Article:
Why kids with special needs are so important to Fred Penner

Canadian musician Fred Penner talks about his childhood memories of his sister, Susie; her influence on his life; and his special connection with kids with special needs.

Fred Penner
Photo: Johann Wall

The middle child of five, Fred Penner was 12 when his youngest sister, Susie, was born with Down Syndrome and a severe heart murmur. Growing up with Susie—and losing her in his early 20s—had a lifelong impact on the beloved children’s entertainer, who shot to fame with his debut album The Cat Came Back in the ‘70s and hosted beloved children’s TV show Fred Penner’s Place throughout the ‘80s and ‘90s. At 70 years old, Penner is entertaining a new generation of fans with his latest album, Hear the Music, and still actively involved in the Down Syndrome community. Here he talks about his childhood memories of Susie, her influence on his life, and his special connection with kids with special needs.

Tell us about your sister, Susie.
Susie was born in the 1950s, with a severe heart murmur—she was what they called then the “blue baby.” Fetal operations at that time were not particularly successful, so they said to my parents: ‘You have a Down Syndrome child… we could operate, but the odds are 50-50 that she would survive.” My parents didn’t like those odds. They said ‘If we do not go for the operation, what’s the alternative? They were told she would probably live until puberty. And that’s exactly what happened. She passed in the early ‘70s.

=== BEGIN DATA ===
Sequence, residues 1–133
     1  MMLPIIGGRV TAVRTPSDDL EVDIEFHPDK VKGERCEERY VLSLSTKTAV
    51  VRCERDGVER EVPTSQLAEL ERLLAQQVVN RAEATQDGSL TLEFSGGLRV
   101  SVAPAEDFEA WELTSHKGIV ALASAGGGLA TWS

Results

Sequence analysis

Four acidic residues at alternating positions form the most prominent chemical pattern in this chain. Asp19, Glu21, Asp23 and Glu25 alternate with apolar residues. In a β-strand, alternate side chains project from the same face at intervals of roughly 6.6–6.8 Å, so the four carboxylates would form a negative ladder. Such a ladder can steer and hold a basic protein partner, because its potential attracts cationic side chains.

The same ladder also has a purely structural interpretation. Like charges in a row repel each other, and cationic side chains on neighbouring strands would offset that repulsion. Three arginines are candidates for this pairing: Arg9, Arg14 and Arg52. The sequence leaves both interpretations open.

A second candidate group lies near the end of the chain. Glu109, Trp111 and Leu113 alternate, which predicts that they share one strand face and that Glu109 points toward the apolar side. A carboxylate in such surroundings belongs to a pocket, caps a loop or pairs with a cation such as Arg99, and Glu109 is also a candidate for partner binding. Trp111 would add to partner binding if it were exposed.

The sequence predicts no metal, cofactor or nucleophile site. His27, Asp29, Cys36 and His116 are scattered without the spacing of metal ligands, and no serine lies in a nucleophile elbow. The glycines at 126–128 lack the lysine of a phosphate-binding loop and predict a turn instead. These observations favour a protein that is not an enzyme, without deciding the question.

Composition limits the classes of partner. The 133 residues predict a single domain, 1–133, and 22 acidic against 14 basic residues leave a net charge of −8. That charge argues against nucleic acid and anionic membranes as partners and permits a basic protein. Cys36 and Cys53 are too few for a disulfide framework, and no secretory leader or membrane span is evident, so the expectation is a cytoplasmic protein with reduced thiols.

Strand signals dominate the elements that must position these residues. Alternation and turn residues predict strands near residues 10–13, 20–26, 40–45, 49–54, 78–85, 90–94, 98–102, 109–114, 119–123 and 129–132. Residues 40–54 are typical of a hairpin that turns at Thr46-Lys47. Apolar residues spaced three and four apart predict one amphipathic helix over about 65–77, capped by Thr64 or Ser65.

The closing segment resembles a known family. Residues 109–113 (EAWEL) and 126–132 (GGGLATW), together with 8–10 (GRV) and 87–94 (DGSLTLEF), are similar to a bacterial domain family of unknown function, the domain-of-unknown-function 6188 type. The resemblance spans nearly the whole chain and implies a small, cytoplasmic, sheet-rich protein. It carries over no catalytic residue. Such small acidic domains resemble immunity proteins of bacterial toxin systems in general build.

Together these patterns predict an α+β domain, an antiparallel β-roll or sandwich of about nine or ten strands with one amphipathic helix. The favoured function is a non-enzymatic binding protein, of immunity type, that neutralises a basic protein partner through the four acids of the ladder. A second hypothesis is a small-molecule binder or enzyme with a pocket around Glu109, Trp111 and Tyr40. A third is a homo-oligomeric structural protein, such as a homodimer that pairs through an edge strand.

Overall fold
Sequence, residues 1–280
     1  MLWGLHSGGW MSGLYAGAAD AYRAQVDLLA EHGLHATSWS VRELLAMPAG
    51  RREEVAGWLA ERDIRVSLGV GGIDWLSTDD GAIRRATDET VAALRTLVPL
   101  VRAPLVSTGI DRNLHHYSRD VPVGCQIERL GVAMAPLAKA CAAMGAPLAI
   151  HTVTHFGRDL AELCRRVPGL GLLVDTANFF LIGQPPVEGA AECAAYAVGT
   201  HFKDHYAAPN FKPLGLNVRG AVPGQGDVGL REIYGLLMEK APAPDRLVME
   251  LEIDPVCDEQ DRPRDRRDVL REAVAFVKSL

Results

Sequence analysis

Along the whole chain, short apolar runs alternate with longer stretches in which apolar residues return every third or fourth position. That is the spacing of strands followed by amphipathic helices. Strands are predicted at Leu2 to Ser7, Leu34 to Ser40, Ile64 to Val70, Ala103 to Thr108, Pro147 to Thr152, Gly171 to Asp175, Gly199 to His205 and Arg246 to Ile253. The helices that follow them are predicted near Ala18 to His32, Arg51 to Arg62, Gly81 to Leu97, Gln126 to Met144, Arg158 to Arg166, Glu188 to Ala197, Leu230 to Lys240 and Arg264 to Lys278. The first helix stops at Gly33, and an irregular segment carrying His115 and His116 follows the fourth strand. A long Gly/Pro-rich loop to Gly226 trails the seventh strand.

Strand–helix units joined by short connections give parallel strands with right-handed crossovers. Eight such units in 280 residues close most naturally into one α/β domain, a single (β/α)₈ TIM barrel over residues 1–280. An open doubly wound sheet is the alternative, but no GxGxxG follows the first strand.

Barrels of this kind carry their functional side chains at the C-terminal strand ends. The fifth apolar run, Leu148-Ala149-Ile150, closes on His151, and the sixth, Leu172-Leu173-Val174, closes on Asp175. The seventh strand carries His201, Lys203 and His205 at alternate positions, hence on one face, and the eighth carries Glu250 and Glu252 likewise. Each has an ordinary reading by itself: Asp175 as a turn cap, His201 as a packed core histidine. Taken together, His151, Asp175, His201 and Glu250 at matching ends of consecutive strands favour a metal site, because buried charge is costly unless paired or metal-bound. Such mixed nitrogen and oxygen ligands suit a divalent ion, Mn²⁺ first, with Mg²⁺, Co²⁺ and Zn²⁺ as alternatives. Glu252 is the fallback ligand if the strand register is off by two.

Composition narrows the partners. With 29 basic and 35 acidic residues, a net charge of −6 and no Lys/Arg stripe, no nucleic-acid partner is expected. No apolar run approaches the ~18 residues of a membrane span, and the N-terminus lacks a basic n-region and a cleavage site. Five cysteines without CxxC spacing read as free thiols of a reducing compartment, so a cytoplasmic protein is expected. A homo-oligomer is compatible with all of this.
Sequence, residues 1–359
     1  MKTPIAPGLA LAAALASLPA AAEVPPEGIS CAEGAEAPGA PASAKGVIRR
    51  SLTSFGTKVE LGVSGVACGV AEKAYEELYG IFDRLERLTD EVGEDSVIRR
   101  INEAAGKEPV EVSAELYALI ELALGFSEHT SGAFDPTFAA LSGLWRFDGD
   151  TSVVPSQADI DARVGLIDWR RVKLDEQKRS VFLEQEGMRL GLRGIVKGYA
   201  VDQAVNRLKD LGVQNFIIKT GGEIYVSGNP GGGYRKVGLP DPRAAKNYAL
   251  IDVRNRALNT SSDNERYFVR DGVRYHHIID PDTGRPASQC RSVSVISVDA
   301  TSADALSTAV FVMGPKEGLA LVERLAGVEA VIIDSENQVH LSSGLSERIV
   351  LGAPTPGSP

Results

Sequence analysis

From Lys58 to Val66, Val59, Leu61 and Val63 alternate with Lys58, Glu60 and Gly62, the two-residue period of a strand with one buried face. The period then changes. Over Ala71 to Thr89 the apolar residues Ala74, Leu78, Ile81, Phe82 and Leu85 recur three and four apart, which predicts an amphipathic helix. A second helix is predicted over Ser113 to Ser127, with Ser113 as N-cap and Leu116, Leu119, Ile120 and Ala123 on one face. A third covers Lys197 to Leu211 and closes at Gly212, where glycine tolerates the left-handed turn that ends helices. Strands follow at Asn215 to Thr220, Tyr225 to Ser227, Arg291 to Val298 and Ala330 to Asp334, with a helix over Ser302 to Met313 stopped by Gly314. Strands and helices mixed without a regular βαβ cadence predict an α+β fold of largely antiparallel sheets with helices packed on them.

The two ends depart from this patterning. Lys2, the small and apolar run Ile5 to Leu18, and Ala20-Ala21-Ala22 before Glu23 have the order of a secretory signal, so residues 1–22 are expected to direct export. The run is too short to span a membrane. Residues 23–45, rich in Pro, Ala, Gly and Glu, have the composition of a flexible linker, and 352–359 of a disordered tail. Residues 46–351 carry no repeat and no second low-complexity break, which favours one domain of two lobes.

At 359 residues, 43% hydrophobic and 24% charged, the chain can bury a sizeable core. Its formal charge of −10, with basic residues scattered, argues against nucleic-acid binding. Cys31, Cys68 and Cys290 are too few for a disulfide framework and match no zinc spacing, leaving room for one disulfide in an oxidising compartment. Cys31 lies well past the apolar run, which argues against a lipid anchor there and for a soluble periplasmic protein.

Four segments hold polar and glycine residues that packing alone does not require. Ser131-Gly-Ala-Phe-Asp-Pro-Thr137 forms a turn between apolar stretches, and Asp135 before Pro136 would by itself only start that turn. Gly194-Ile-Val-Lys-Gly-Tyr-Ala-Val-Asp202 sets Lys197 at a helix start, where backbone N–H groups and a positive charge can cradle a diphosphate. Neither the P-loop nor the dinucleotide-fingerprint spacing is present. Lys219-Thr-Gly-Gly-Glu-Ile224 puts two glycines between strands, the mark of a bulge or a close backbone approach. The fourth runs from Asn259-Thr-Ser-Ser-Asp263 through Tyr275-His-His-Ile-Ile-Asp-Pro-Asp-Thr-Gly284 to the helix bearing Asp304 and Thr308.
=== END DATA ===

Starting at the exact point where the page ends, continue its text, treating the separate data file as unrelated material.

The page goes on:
My sister was mostly nonverbal, but we used whole language when we spoke to her, and she knew clearly what was going on and made her feelings clear. It was really wonderful having the opportunity to communicate through other elements too: through facial expressions, grunts and sounds. The beauty of language is that you can make a couple of good sounds that will quickly pinpoint what you need.

What was your relationship like?
I was a teen when Susie was a child. We would play. We would dance. We had a piano at home that Susie and I would plunk on together. And we had a record player. One of my strongest memories is of her playing West Side Story. She would put it on, and she would sit there and listen to it with every pore of her being, and when it was over, she would sort of flop down and sob for a while, then get up and be happy afterwards. It had a huge impact on me to see that kind of emotional connection to music.

You’ve said before that your sister and father’s deaths, in close succession, prompted you to go into music. Tell us about that decision.
I’d just got my BA in Economics, really to fulfill my father’s dream, but I was a C-student at best—and I think they only squeaked me up to a C, because they were tired of seeing my mush. I was primed to be a civil servant, then Susie passed away from her heart condition. And then Dad died about a year later. My world was rocked. Mortality is very sobering, and I went into some pretty careful soul-searching and acknowledged that the only thing I’d ever done that gave me any bliss was performing.

Why did you choose to perform for children?